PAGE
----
With 1968’s Mrs. Robinson, Paul Simon wondered aloud as to the whereabouts of Joe DiMaggio. With the tuneful world-music-infused pop of his new album, So Beautiful or So What, the 69-year-old icon is still asking questions – and answering some – after all these years.
The title of your new album is So Beautiful or So What. We could ask that question about the record itself: It’s beautiful – people are saying it’s your best in 20 years – but, in this day and age, does the album matter any more?
The album format isn’t going anywhere. There’s something very natural about that. I think most musicians are very comfortable working with that as the structure.
The musicians are, but are music fans?
Well, it doesn’t apply to pop music, which is most of what the charts are. And, to a lesser degree, it doesn’t apply to hip hop. Although, certainly in the history of hip hop, there were records that were very album-orientated. But that form isn’t going away. Indie music also has a lot of album-orientated artists.
Aren’t younger consumers of music more interested in tracks than in albums as a whole?
The album has been dealt some severe blows, with the change of the music business. And one of them was the technology that provided the music gave you really lousy earphones and a narrow bandwidth. So the sound quality was diminished. And for people who used the sound palette as part of their music, a lot of their work is kind of edited out. But that will change, I think.
How do you attract listeners back to the album?
I felt I had to make an album that was really, really interesting. That’s the answer to it. If you make an album that’s interesting enough, people talk about it.
It also holds their attention, as they’re hearing the songs, doesn’t it?
That’s right. And they finish it, and it’s an enjoyable experience. And they say to somebody else, “I just heard an album that I really like.”
In the liner notes to So Beautiful or So What, Elvis Costello writes that he found a theme of love among the songs. But what struck me was the religious references. You even sample a preacher’s sermon from 1941.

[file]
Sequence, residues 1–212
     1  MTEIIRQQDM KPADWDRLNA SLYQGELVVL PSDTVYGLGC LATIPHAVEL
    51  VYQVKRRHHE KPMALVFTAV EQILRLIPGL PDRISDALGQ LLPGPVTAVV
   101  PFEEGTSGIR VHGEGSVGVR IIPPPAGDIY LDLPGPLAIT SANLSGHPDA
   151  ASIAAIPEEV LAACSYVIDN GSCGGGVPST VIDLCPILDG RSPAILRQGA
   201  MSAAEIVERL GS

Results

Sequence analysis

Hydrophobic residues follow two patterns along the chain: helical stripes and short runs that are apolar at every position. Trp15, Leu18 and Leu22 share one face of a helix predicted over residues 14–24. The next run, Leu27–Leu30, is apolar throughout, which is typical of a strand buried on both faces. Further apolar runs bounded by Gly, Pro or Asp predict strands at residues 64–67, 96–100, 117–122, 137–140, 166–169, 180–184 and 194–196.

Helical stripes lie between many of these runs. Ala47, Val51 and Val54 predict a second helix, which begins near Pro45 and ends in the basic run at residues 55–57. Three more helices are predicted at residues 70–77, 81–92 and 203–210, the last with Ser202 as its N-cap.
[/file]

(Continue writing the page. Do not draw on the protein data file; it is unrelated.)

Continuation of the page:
I know what you mean, of course. But I don’t think they’re religious.
It’s closer to that, but that’s not even the word. For example, Questions for the Angels really ends up as a question of “is the species any good for the planet?” What angel is going to answer that question? That’s not even a question you would pose to an angel.
What about the song Love and Hard Times?
Well, you have a description of God and his only Son in the first two verses, and then you have a total love song that ends up with the person being so grateful for his love that he thanks God. When our hearts are filled with gratitude and our hearts are filled with love, our culture has taught us that we should thank God. But, if in fact God left in the second verse, as in that song, what is it that makes us do that? What’s the love?
That love is probably here anyway. It’s part of humans, God or no God.
Is a prayer not answered on the song Rewrite?
The guy’s prayer is, Help me and thank you. Those are two prayers. You feel “help me” or “thank you” whether there’s anybody listening or not. I’m not particularly drawing a conclusion here. I’m just saying it’s something I see that we do.
This interview has been condensed and edited.
Paul Simon plays Toronto on May 6 (Massey Hall) and May 7 (Sound Academy). Listen to him discuss his new album here.